Dr Lizzy LOWE, Researcher in Urban Ecology (Australia)

Dr Lizzy Lowe is studying the impact of the use of insecticide on biodiversity in cities, especially insects and spiders. Insects play a crucial role in maintaining functional terrestrial ecosystems, including cities. Maintaining biodiversity is also important as it is vital for mental and physical well-being of people living in cities.

MACQUARIE UNIVERSITY, AUSTRALIA

Research focus: urban ecosystems, biodiversity, impact of insecticides

Cities require healthy green spaces to create environments available for both the physical and mental well-being of their residents. However, simply planting trees and grass is not sufficient to ensure that green spaces are healthy and functional. In order to provide healthy ecosystems for both nature and people, green spaces require biodiversity. Insects are an important component of urban biodiversity, but unfortunately drastic declines in insect populations are being recorded around the world. These declines are alarming since invertebrates provide vital ecosystem services, such as pollination, decomposition, and biological control. It is unknown to what extent this will influence cities as habitat for plants, animals, and humans. One of the biggest threats to invertebrates even in urban environments is the use of insecticides. Chemicals are still the primary method used to control pests in cities. The excessive use of insecticides threatens public health through chemical exposure and damage to ecosystem function.

Lizzy is researching the effect of insecticide use on urban biodiversity, with a special focus in invertebrates such as insects and spiders. The aim of her research is to quantify the impacts of insecticides on the healthy functioning of urban environments, determine the reasons why urban residents use insecticides, and develop and test sustainable alternatives to using insecticides in cities. She also aims to raise awareness of unintended side effects of insecticide use and of the importance of insects, spiders and other invertebrates for ecosystems.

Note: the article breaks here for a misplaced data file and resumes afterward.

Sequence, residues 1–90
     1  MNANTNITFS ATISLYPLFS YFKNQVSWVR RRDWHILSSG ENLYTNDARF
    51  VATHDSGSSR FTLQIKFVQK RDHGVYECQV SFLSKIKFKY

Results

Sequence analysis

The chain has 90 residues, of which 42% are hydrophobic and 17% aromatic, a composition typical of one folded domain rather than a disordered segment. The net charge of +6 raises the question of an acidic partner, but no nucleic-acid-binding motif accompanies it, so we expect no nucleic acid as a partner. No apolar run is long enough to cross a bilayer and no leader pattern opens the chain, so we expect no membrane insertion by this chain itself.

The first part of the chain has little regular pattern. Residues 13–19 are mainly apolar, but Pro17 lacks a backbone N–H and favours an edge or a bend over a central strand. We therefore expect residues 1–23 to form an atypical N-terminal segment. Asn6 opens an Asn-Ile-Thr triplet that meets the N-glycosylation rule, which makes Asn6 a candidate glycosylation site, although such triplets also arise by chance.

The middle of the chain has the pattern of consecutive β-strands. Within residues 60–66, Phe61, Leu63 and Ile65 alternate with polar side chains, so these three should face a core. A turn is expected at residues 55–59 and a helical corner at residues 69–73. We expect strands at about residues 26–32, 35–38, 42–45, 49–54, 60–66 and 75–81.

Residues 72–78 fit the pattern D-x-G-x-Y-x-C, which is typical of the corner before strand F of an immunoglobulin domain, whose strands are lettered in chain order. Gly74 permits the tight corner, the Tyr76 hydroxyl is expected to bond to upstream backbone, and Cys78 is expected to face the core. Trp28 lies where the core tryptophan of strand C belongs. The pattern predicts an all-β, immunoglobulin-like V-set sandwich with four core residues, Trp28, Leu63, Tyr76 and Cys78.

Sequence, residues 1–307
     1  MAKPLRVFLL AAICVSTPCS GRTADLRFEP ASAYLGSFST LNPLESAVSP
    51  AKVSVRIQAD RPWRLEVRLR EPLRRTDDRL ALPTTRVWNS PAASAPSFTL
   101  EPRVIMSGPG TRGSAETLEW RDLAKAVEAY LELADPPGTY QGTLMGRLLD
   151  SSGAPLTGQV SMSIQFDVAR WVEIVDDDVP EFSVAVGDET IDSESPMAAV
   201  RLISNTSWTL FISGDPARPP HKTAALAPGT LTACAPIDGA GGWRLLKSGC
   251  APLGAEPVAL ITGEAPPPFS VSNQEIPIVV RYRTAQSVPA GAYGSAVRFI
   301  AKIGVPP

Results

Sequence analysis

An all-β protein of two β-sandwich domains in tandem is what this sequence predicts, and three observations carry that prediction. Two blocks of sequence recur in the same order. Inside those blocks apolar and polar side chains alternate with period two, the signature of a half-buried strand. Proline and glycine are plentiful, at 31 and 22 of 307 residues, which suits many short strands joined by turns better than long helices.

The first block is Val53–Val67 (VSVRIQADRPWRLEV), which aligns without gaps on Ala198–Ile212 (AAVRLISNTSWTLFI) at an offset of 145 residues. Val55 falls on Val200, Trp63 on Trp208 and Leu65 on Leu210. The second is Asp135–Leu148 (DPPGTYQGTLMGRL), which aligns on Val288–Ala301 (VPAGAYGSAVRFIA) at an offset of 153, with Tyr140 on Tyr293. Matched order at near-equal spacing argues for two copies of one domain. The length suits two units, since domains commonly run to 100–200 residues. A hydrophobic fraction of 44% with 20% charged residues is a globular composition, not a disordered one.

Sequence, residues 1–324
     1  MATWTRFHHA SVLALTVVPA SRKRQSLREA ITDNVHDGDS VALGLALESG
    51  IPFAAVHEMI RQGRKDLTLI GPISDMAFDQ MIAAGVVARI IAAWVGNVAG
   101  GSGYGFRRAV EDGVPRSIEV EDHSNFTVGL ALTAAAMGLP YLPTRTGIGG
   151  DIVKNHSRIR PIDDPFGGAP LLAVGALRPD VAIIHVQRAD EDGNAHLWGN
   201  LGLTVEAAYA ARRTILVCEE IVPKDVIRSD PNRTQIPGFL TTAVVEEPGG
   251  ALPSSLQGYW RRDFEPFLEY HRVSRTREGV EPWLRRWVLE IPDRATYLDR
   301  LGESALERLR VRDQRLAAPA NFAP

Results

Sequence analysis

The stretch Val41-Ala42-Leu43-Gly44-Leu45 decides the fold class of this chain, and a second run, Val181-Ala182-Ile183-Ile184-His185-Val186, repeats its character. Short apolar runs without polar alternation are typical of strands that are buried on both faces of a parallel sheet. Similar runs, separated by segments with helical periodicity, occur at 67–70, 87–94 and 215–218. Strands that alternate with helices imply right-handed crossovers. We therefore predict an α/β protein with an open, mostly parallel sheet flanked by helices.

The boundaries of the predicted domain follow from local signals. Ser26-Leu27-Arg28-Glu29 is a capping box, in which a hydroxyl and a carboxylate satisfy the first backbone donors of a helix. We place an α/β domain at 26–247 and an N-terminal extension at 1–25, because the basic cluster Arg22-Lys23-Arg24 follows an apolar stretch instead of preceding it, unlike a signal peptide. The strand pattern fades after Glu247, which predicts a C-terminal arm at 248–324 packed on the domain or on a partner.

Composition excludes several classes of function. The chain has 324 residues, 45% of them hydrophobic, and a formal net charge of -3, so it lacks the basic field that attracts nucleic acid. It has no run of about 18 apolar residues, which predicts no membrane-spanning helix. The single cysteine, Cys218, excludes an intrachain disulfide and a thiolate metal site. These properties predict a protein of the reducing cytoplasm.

Her multidisciplinary approach spans ecological, social, and agricultural sciences and involves collaborations with eco-toxicologists, urban planners, pest controllers, and local governments. In order to ensure sustainable cities in the future, she is working on designing strategies to decrease insecticide use and maintain invertebrate biodiversity. A vital part of her work is to reach out to city authorities and to residents who use or may use insecticides. She strives to understand why insecticides are being used to be able to develop alternative measures to solve the problem for the city residents. In some cases, strategies from Integrated Pest Management, which was originally developed for agriculture, can be adapted for the use in cities. She is working towards adapting these strategies for use in an urban environment.

The jury was impressed by Lizzy’s fascinating research on the highly charged topics of biodiversity and pesticides. The jury believes that her work will contribute to making cities more sustainable and a better place to live.